Routt County’s proposed pot tax too ‘high’ for Hayden’s liking
Steamboat Springs — The Routt County Board of Commissioners agree they are likely months away from making a decision on whether or not to allow marijuana grow facilities in unincorporated areas of the county; however, they did vote unanimously Aug. 23 to put the question of establishing a 5 percent excise tax on any future sales of pot grown on the November ballot. That move was enough to raise concerns among officials in the nearby town of Hayden.
Hayden voters, casting ballots in a special election in January, voted 260 to 236 in favor of a new ordinance allowing commercial grow operations. At the same time, voters approved an excise tax of 7.5 percent on all legal wholesale marijuana cultivation within the Hayden town limits, and that tax can be increased as much as 15 percent by a town council vote if industry impacts warrant it.
The town is hoping revenues from grow operations will improve it fiscal picture. The rub is in the 2.5 percent difference between the tax Hayden is currently levying and Routt County’s proposed 5 percent excise tax.
“This disparity in excise taxes would have a crippling impact on the town’s ability to attract and work with potential businesses that wish to establish their business in the town of Hayden,” Hayden Mayor Jim Haskins wrote to the county commissioners this week. “A difference of 2.5 percent in taxes can also have a large impact on a business’s bottom line and in their decision of where to locate.”
He asked the county not to further pursue any plans to allow grow facilities in the rural county.
Commissioner Tim Corrigan said Tuesday’s vote to put the tax question on the ballot doesn’t mean lifting a county moratorium on pot grows is a foregone conclusion.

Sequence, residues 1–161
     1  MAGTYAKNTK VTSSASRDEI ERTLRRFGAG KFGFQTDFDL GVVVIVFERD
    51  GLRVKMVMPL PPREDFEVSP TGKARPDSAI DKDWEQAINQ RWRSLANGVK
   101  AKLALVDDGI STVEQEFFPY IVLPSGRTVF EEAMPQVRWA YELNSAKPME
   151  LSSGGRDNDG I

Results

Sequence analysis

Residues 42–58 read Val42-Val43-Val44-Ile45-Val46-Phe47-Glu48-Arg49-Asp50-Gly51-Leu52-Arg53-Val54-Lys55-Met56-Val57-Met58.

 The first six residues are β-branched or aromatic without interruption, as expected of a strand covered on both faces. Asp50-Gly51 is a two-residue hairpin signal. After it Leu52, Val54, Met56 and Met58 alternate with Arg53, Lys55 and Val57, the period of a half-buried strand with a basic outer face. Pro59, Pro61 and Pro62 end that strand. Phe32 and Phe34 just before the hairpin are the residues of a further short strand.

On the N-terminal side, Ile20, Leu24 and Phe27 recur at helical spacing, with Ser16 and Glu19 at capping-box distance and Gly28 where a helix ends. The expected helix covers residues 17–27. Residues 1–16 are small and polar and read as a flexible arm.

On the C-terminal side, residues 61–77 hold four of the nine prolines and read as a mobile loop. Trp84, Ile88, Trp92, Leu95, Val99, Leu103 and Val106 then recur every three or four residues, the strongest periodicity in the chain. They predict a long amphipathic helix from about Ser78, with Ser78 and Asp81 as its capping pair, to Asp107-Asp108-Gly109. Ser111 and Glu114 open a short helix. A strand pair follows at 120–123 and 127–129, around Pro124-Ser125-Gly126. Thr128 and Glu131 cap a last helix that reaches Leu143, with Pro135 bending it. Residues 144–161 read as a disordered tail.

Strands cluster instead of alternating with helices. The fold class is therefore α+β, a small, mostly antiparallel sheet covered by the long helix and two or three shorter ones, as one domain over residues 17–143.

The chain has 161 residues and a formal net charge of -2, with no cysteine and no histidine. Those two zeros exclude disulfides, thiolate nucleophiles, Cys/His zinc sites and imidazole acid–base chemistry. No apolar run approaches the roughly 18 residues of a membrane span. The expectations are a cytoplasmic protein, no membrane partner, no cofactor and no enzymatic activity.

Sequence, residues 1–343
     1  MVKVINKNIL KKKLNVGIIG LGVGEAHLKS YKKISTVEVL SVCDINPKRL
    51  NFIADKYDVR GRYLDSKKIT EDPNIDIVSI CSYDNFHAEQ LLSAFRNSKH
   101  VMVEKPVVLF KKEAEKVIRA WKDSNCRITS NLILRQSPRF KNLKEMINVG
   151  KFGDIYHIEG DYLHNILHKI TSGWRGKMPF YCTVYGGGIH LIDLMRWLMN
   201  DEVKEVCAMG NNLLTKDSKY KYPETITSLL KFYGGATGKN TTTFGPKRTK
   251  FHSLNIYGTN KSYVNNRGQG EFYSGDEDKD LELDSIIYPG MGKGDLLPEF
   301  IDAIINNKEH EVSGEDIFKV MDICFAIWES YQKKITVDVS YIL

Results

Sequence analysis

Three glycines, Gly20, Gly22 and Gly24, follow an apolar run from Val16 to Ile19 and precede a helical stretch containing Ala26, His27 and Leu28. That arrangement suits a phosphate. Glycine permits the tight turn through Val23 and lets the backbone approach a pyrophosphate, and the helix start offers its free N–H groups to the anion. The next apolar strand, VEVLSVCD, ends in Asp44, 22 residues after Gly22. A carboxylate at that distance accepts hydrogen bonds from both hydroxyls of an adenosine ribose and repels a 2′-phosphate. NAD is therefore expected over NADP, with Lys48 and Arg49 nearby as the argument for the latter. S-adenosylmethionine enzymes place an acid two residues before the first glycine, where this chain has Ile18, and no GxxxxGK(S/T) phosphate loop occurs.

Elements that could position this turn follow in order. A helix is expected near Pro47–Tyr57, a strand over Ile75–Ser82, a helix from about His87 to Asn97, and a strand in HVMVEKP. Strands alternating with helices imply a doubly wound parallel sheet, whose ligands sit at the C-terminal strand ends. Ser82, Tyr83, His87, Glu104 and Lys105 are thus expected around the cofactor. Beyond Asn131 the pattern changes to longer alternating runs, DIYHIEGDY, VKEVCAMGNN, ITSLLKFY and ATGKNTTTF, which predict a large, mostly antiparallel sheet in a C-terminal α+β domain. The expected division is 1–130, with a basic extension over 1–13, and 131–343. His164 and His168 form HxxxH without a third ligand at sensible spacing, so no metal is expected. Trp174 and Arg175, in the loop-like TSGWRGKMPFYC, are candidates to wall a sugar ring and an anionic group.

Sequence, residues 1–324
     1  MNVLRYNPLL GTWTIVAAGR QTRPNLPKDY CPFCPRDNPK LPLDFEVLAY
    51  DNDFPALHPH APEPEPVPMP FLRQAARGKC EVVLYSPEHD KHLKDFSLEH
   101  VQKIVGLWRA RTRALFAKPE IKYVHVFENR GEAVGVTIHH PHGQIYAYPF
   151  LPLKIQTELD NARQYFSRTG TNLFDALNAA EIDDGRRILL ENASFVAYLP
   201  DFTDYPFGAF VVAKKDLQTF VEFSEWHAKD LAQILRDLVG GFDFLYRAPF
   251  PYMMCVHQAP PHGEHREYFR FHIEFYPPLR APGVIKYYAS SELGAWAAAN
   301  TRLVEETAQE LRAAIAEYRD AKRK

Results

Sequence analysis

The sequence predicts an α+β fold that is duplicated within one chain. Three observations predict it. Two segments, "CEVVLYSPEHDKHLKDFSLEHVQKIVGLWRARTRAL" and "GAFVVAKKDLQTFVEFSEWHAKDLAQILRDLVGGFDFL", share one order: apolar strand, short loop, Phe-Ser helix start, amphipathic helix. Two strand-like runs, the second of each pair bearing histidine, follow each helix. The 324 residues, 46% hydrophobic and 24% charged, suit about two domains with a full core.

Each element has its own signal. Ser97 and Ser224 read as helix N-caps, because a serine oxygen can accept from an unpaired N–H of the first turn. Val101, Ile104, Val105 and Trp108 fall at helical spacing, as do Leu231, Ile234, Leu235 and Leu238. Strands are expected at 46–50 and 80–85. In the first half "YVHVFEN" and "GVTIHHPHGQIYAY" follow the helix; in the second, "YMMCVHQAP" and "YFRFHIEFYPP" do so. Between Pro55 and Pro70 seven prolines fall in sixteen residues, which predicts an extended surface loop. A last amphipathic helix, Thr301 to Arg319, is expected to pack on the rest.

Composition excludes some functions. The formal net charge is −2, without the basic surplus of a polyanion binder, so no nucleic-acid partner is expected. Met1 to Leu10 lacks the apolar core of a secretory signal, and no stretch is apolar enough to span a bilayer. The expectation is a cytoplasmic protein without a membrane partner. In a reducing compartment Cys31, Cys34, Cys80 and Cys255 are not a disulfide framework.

“I don’t think this should be seen as a signal that I’m going to support marijuana-growing operations in unincorporated Routt County,” he said.
The irony is that state law prohibits Routt County from imposing an excise tax of more than 5 percent on pot, but the town of Hayden, which operates under a home rule charter, is not bound by that limitation.
“By state statute, Routt County is limited to a maximum 5 percent excise tax on wholesale marijuana cultivation, whereas the town of Hayden is a home rule town allowing it, and the voters of Hayden set the excise tax at 7.5 percent,” Haskins acknowledged.
Hayden Town Manager Greg Tuliszewski underscored during a public hearing on the matter this week that a county approval process that could offer marijuana grow operators a lower excise tax could impact the community’s plan to improve its fiscal health.
County Commissioner Doug Monger responded that it’s possible some of the costs of setting up an indoor grow facility in the rural county could offset the disparity in tax rates.
“We’re very supportive of Hayden’s opportunity,” Monger said. “I believe the cost of doing business will be considerably higher (in the rural county) with water and sewer and even being able to get water. We still want to incentivize people going to Hayden.”
The commissioners have said previously that the reason for putting the pot tax before the voters is to have the excise tax in place to mitigate impacts on county services should they eventually go forward with creating an approval process that could lead to issuance of special use permits for grow operations that intend to wholesale unprocessed marijuana to retailers.
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